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J. Alexander, Norwich.

J. Arundel, London.

J. Bennett, D.D, London.

T. Binney, London.

J. Bulmer, Bristol.

H. F. Burder, D.D., Hackney.

J. Burder, M.A., Bristol.

J. Clayton, A. M., Tunbridge Wells.

G. Clayton, Walworth.

T. Craig, Bocking.

S. Curwen, Reading.

T. East, Birmingham.

R. Elliott, Devizes.

W. Ellis, Hoddesdon.

J. Ely, Leeds.

R. Fletcher, Manchester.

J. J. Freeman, London.

J. Gilbert, Nottingham.

R. Halley, D.D., Manchester.

J. N. Goulty, Brighton.

J. Harris, D.D., Cheshunt College.

E. Henderson, D.D., Highbury.

J. Hunt, Brixton.

J. A. James, Birmingham.

W. Jay, Bath.

J. Jefferson, Stoke Newington.

T. W. Jenkyn, D.D., Coward College.

R Knill, Wotton-under-Edge.

W. Legge, B.A., Reading.

J. Leifchild, D.D., London.

Rev. T. Lewis, Islington.

J. Morison, D.D., LL.D., Brompton.

C. Morris, London.

J. Parsons, York.

J. Paterson, D.D., Edinburgh.

G. Payne, LL.D., Plymouth.

J. Raban, Bethnal-green.

T. Raffles, D.D., LL.D., Liverpool.

G. Redford, LL D., Worcester.

A. Reed, D.D., London.

J. Reynolds, Halstead.

W. Rooker, London.

H. J. Roper, Bristol.

J. Sherman, Surrey Chapel.

J. Smart, M.A., Leith.

J. P Smith, D.D., LL.D., F.R S., Homerton.

G. Smith, Poplar.

C. F. Steinkopff, D.D., London.

W. H. Stowell, Rotherham.

J. Stratten, Paddington.

T. Stratten, Hull.

J. Styles, D.D., Foleshill.

s. Thodey, Cambridge.

P. Thomson, M.A., Chatham.

A. Tidman, London.

H. Townley, London.

W. Urwick, D.D., Dublin.

R. Vaughan, D.D., Lancashire College.

R. Wardlaw, D.D., Glasgow.

A. Wells, Clapton.

M. Wilks, Paris.

J. Young, A.M., London.






It is now Fifty-four years and a half since the first number of the Evangelical Magazine was issued from the Press. It commanded, at once, a numerous circle of Readers; and was hailed by thousands of devout and catholic men as an omen for good to the Christian cause.

In their Preface for 1793, the Founders of the Work justly observed, that “Thousands read a Magazine, who have neither money to purchase, nor leisure to peruse, large volumes," and since that period, the growing demand for periodical literature has abundantly confirmed the truth of their remark, and proved that they clearly discerned "the signs of the times" upon which Divine Providence had cast their lot. To the public spirit which they evinced, in originating and establishing a Religious Periodical which drew around it the generous sympathies of enlightened and fervent Christians throughout the world, we are indebted for a large portion of that zeal and energy which has since been infused into the periodical literature of the age. They demonstrated the problem, that a Magazine fearlessly devoted to the interests of vital godliness and Catholic Christianity, might be made to outstrip in circulation, the then existing organs of High Church bigotry, Socinian Heresy, and unblushing Infidelity. The example has been pregnant with benefit to mankind; and every day affords fresh evidence of the fact, that a cheap and well-regulated Periodical Press is a mighty engine for the advancement of society, the counteraction of error and ungodliness, and the progress of pure and primitive Christianity.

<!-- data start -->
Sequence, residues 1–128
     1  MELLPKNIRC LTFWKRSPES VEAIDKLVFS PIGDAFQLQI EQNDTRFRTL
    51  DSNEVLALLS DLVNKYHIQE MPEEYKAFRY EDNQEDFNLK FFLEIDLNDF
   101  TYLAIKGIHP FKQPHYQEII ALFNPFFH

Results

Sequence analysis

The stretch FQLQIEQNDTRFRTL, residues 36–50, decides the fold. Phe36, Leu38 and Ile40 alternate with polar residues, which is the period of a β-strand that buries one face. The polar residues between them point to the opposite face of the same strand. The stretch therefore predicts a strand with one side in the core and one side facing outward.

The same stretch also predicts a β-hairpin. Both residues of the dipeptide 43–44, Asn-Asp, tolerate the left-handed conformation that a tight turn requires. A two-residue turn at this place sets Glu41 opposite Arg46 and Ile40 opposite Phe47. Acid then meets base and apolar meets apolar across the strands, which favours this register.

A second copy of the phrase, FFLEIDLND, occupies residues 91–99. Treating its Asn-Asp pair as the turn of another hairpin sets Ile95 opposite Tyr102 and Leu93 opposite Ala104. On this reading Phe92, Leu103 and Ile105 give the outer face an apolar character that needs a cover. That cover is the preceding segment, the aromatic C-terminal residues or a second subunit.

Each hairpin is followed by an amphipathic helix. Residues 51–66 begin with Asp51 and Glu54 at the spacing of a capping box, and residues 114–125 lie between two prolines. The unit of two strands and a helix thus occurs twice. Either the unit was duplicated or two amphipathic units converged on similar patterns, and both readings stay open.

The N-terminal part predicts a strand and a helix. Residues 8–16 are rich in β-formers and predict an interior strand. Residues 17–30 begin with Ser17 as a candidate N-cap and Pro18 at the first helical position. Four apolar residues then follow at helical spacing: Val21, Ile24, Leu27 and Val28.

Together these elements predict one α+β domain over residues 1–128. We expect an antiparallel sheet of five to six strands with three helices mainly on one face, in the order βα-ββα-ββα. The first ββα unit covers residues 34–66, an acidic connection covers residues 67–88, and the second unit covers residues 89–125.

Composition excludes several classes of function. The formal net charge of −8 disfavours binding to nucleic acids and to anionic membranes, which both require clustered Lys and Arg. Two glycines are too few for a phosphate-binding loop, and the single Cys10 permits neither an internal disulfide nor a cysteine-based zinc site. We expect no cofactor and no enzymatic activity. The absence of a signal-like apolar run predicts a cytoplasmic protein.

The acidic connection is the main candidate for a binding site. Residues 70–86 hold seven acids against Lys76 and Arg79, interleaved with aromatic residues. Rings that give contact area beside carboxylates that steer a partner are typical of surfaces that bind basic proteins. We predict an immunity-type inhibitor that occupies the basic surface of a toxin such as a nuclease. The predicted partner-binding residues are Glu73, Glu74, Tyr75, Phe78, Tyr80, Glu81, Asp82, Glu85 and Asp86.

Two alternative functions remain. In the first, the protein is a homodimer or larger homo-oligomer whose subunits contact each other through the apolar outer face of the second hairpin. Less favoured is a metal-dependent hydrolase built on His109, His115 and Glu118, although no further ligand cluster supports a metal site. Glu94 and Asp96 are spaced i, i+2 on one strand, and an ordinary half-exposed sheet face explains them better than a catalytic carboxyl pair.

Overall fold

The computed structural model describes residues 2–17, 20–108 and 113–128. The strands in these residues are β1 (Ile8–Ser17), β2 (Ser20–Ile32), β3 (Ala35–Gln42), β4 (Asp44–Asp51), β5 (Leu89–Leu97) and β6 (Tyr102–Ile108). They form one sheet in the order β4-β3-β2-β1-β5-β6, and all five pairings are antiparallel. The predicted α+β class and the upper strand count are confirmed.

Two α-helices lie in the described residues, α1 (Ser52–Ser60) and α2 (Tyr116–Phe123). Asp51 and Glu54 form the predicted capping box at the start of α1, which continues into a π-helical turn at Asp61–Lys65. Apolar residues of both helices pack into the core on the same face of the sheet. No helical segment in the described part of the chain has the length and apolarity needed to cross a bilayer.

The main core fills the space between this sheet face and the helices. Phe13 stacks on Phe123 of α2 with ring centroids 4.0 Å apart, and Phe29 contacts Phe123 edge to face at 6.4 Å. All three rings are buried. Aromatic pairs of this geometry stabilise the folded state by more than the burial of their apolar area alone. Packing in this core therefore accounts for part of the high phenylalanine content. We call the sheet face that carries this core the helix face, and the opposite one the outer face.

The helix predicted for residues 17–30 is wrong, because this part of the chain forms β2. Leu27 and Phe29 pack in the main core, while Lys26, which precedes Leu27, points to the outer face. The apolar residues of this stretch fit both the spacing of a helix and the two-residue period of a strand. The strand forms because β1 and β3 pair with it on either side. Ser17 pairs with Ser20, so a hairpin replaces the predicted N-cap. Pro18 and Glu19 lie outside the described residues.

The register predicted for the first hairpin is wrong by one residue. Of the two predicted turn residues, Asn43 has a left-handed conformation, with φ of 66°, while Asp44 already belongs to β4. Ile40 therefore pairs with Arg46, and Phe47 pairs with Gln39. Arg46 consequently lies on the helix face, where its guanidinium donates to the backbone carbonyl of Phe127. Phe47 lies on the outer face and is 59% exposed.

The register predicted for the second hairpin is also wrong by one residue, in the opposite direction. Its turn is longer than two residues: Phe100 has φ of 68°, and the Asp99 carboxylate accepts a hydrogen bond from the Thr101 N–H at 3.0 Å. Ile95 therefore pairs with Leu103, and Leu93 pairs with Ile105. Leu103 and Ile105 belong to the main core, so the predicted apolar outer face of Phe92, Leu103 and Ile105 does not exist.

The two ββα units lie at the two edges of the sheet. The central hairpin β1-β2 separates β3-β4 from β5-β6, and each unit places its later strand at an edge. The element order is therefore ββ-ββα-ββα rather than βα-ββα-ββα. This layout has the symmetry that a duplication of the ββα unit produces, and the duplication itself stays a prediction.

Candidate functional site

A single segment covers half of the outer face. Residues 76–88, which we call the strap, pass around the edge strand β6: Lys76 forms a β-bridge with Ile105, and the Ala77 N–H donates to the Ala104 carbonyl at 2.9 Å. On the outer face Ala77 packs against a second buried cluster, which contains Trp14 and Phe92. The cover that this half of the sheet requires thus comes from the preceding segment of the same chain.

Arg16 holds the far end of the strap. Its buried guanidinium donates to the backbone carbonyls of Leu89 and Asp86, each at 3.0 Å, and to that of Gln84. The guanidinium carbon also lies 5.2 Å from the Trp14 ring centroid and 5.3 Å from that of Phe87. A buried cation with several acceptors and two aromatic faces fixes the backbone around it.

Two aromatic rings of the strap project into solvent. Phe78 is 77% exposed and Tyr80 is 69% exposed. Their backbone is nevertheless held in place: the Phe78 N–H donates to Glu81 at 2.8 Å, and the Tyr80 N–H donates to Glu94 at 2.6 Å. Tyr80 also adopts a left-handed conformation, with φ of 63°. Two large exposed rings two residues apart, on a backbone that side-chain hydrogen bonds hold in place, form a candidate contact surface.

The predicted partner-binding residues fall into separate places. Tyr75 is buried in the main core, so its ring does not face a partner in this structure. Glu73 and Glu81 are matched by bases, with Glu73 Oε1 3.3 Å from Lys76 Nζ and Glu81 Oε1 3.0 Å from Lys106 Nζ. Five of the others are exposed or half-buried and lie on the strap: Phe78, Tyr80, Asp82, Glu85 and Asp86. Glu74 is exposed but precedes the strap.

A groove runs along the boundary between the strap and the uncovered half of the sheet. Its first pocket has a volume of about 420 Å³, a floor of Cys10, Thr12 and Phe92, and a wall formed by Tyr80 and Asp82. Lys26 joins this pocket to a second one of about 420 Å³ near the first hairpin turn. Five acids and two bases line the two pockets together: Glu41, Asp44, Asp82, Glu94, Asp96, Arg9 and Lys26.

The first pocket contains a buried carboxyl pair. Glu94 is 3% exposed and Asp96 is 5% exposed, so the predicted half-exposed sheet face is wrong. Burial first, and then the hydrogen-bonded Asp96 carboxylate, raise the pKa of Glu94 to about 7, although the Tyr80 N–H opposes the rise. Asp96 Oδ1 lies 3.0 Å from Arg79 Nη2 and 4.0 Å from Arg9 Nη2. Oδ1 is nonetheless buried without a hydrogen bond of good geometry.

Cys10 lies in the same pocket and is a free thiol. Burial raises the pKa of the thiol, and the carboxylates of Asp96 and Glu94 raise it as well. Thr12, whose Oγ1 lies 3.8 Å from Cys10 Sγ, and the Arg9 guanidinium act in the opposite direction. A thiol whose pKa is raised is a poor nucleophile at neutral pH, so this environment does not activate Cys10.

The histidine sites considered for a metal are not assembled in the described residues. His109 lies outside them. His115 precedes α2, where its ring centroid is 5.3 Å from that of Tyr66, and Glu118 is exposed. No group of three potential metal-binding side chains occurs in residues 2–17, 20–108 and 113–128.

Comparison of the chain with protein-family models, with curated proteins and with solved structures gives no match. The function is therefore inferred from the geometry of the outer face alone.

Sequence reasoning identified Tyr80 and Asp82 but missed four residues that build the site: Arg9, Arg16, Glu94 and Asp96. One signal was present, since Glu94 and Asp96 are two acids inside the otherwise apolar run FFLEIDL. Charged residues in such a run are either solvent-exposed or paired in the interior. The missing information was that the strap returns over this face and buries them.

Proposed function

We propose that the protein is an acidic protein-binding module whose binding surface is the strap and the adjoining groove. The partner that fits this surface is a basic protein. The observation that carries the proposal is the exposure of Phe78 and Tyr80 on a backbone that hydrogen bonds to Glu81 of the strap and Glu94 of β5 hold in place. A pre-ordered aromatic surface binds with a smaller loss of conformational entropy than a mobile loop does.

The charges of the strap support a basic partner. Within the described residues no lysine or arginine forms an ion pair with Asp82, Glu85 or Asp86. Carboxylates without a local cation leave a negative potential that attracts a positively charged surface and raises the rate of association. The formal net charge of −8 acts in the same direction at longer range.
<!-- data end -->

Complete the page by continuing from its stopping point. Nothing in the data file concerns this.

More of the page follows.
Amidst the competitions which we have in some measure aided to create, we are thankful to feel assured, after the lapse of half a century, that we stand as well with the Religious Public as at any former period in our history. Our extensive Correspondence leaves us no reason to doubt as to the hold we retain of some of the best portions of the great Christian community of this country. We hope we may say, without presumption, that we have steadily aimed to deserve well of the wise and the good. We can point to our pages as evidence of our continued watchfulness over the hallowed interests of truth, and holiness, and charity. And if we do not greatly mistake, we may refer to them with equal confidence, in proof of the intellectual vigour which distinguishes many of our Essays, Reviews, and articles of Religious Intelligence. As the Work circulates largely among the humbler classes in society, we are constrained to avoid all that is abstruse, elaborate, and, in the strict sense of the term, critical; but we make our appeal to the Number which we now introduce to our Readers, and ask, without misgiving, whether it will not bear an honourable comparison with any of the cheap Magazines of the month?

When we reflect on the great benefits which have accrued to the cause of Religion and Humanity from the circulation of the Evangelical Magazine, we cannot but feel that its claim for support, on all the friends of the Gospel, is peculiarly strong. Its conductors have endeavoured to serve them all in turn, with as little of sectarian bias as comported with a due regard to integrity and transparency of conduct; and if, at times, they have been compelled to enter the field of controversy with any of their brethren, it has been by the stern and resistless dictates of duty and conscience. They have no delight in the antagonism of religious strife and debate; but as they are "set for the defence of the Gospel," they have felt that they were bound “to contend earnestly for the faith once delivered unto the saints," and generally to uphold the vital interests of truth and righteousness.

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